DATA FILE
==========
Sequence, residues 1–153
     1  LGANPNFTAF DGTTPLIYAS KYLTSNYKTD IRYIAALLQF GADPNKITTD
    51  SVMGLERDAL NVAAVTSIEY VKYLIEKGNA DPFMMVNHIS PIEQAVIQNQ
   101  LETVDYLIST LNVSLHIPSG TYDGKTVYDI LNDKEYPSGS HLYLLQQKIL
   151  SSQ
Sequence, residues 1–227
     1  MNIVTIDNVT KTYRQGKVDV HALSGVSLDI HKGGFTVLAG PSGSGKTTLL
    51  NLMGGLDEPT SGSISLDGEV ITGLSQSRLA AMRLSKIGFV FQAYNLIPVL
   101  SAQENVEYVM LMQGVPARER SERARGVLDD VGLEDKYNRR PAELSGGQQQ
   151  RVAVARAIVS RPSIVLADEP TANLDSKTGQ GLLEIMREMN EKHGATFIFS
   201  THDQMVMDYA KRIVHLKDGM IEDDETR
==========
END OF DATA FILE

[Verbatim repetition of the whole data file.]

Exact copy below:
Sequence, residues 1–153
     1  LGANPNFTAF DGTTPLIYAS KYLTSNYKTD IRYIAALLQF GADPNKITTD
    51  SVMGLERDAL NVAAVTSIEY VKYLIEKGNA DPFMMVNHIS PIEQAVIQNQ
   101  LETVDYLIST LNVSLHIPSG TYDGKTVYDI LNDKEYPSGS HLYLLQQKIL
   151  SSQ
Sequence, residues 1–227
     1  MNIVTIDNVT KTYRQGKVDV HALSGVSLDI HKGGFTVLAG PSGSGKTTLL
    51  NLMGGLDEPT SGSISLDGEV ITGLSQSRLA AMRLSKIGFV FQAYNLIPVL
   101  SAQENVEYVM LMQGVPARER SERARGVLDD VGLEDKYNRR PAELSGGQQQ
   151  RVAVARAIVS RPSIVLADEP TANLDSKTGQ GLLEIMREMN EKHGATFIFS
   201  THDQMVMDYA KRIVHLKDGM IEDDETR